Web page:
The pixel portion 104 includes the first substrate 102 and the second transistor 252 which includes the gate electrode 116 formed over the first substrate 102, the gate insulating film 117 formed over the gate electrode 116, the semiconductor layer 118 formed over the gate insulating film 117, and the source electrode 120 and the drain electrode 122 formed over the gate insulating film 117 and the semiconductor layer 118.

In addition, the pixel portion 104 includes the first insulating film 124 formed using an inorganic material over the second transistor 252, specifically, over the gate insulating film 117, the semiconductor layer 118, the source electrode 120, and the drain electrode 122, and the second insulating film 126 formed using an organic material over the first insulating film 124.

Furthermore, the pixel portion 104 includes a first conductive film 129 formed over the second insulating film 126 over the second transistor 252 in a region overlapping with the semiconductor layer 118, a third insulating film 139 formed using an inorganic material over the first conductive film 129, and a second conductive film 149 formed over the third insulating film 139 in a region overlapping with the first conductive film 129. Note that the first conductive film 129 is electrically connected to the drain electrode 122 through an opening formed in the first insulating film 124 and the second insulating film 126.

The first conductive film 129 functions as a back gate electrode of the second transistor 252. By application of a potential to the first conductive film 129, the threshold voltage of the second transistor 252 can be controlled. The function of the back gate electrode is similar to that in the first transistor 250 in the gate driver circuit portion 106, and description is therefore omitted here.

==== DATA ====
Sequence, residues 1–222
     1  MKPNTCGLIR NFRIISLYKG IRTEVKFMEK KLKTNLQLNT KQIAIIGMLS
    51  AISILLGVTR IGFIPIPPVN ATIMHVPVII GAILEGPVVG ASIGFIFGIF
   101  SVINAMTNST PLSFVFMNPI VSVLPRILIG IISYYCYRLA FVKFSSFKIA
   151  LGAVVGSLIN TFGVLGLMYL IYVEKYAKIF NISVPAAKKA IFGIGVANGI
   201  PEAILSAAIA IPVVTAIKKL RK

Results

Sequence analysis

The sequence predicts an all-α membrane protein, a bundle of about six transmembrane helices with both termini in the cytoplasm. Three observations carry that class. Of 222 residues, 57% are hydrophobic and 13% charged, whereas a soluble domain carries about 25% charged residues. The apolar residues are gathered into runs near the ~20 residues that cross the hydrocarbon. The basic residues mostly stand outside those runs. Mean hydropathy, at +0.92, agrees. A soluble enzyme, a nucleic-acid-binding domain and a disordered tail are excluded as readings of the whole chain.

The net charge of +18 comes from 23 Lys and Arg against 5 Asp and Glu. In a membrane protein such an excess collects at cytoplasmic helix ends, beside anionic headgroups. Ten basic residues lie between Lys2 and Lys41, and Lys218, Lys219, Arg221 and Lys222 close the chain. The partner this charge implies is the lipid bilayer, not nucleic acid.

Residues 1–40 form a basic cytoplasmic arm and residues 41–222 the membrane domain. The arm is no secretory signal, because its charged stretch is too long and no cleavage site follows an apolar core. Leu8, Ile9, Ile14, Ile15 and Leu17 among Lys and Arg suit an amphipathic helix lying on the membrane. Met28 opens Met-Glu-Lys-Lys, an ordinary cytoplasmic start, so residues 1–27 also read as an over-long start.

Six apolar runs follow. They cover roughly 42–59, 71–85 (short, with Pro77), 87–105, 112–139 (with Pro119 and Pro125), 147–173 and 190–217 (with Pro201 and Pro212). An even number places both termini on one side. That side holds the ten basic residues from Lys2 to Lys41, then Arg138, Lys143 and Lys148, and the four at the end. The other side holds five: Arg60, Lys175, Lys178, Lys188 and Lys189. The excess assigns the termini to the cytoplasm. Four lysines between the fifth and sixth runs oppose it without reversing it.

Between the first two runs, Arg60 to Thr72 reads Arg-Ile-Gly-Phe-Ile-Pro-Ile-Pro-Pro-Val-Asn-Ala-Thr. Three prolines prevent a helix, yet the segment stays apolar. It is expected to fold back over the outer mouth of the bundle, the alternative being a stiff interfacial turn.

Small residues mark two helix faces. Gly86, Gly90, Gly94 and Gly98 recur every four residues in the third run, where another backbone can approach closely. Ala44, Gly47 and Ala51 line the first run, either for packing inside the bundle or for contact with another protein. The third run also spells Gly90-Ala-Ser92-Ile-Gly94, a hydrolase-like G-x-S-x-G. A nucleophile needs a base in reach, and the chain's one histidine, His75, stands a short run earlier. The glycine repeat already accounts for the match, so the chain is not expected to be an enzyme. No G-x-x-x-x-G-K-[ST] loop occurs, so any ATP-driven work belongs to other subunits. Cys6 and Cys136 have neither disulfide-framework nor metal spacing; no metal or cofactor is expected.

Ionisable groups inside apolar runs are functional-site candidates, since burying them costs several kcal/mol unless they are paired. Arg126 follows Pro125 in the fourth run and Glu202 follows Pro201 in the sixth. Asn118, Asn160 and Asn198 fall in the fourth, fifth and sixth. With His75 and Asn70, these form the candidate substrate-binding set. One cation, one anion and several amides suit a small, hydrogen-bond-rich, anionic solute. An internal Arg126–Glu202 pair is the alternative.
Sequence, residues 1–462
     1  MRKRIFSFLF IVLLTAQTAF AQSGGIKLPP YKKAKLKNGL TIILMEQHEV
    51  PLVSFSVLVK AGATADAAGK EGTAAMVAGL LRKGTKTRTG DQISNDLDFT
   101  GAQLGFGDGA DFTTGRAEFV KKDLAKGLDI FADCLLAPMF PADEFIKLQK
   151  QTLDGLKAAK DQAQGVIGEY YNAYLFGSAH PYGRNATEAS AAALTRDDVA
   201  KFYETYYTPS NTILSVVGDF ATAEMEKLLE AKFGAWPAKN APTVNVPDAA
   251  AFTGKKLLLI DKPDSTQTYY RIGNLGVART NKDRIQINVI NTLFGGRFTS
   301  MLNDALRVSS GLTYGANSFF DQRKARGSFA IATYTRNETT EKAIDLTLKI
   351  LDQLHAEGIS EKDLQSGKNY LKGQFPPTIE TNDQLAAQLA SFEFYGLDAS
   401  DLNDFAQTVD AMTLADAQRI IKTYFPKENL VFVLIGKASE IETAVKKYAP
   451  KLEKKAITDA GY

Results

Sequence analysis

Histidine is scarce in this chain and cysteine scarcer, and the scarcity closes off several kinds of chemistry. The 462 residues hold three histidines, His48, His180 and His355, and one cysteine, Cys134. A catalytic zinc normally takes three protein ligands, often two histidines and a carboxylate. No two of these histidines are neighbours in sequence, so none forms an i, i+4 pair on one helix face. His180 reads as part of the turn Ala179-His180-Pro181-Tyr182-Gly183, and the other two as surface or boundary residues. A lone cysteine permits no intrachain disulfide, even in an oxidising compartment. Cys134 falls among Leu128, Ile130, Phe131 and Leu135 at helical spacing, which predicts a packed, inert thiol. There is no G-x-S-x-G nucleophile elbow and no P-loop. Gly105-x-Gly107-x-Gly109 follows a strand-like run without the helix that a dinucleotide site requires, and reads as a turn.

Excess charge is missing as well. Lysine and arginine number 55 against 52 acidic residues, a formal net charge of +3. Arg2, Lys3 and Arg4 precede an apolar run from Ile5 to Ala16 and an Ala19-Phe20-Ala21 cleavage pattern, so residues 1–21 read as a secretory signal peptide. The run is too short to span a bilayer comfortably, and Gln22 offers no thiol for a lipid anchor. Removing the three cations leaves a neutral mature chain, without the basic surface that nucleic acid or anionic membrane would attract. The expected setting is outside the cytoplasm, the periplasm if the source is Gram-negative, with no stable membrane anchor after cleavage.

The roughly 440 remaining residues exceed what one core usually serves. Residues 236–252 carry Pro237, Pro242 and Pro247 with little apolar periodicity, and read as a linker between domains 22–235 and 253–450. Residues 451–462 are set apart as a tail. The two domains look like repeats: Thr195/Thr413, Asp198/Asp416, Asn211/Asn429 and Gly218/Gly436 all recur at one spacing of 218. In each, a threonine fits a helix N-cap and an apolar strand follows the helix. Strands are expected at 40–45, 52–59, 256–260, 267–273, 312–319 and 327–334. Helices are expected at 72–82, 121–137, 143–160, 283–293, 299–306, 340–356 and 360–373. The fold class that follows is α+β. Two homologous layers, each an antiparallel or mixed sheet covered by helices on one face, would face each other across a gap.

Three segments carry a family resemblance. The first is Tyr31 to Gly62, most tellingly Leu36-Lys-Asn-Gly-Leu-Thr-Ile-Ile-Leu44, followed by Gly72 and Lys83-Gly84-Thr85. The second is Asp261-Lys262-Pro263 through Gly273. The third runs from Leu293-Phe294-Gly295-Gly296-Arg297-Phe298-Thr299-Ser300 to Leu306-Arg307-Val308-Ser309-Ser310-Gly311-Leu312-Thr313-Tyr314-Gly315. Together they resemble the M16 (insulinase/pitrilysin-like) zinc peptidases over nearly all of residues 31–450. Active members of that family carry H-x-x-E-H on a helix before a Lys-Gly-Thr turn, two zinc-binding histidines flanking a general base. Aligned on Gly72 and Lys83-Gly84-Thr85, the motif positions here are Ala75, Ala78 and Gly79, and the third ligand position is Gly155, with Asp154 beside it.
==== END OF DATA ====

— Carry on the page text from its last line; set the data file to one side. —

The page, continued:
A region other than the second transistor 252 in the pixel portion 104 includes the pixel electrode 130 formed over the second insulating film 126, a third insulating film 140 formed over the pixel electrode 130, the common electrode 150 formed over the third insulating film 140, and the liquid crystal layer 134 formed over the common electrode 150.

The pixel electrode 130, the third insulating film 140, and the common electrode 150 form a capacitor 254, and the pixel electrode 130, the third insulating film 140, the common electrode 150, and the liquid crystal layer 134 form a liquid crystal element 256.

The pixel electrode 130, the third insulating film 140, and the common electrode 150 which form the capacitor 254 are each preferably formed using a material having the property of transmitting visible light, in which case large capacitance can be ensured without reducing the aperture ratio of the pixel portion 104.

The pixel electrode 130 functions as one of a pair of electrodes of the liquid crystal element 256. In addition, the pixel electrode 130 functions as one of a pair of electrodes of the capacitor 254.

The common electrode 150 has a comb-shaped portion; each of teeth of the comb-shaped portion overlaps with the pixel electrode 130 with the third insulating film 140 provided therebetween. The common electrode 150 functions as the other of the pair of electrodes of the liquid crystal element 256. In addition, the common electrode 150 functions as the other of the pair of electrodes of the capacitor 254.

The common electrode 150 is electrically connected to an electrode 115 through an opening provided in the gate insulating film 117, the first insulating film 124, and the second insulating film 126. The electrode 115 is formed in the same step as the gate electrode 116. In addition, the electrode 115 may be set at a potential equal to the potential applied to the gate electrode 116.

Note that the first conductive films 128 and 129 are formed in the same step as the pixel electrode 130, the third insulating films 138 and 139 are formed in the same step as the third insulating film 140, and the second conductive films 148 and 149 are formed in the same step as the common electrode 150. Therefore, the first conductive films 128 and 129 functioning as the back gate electrodes can be formed over the first transistor 250 and the second transistor 252 without an increase in the number of manufacturing steps.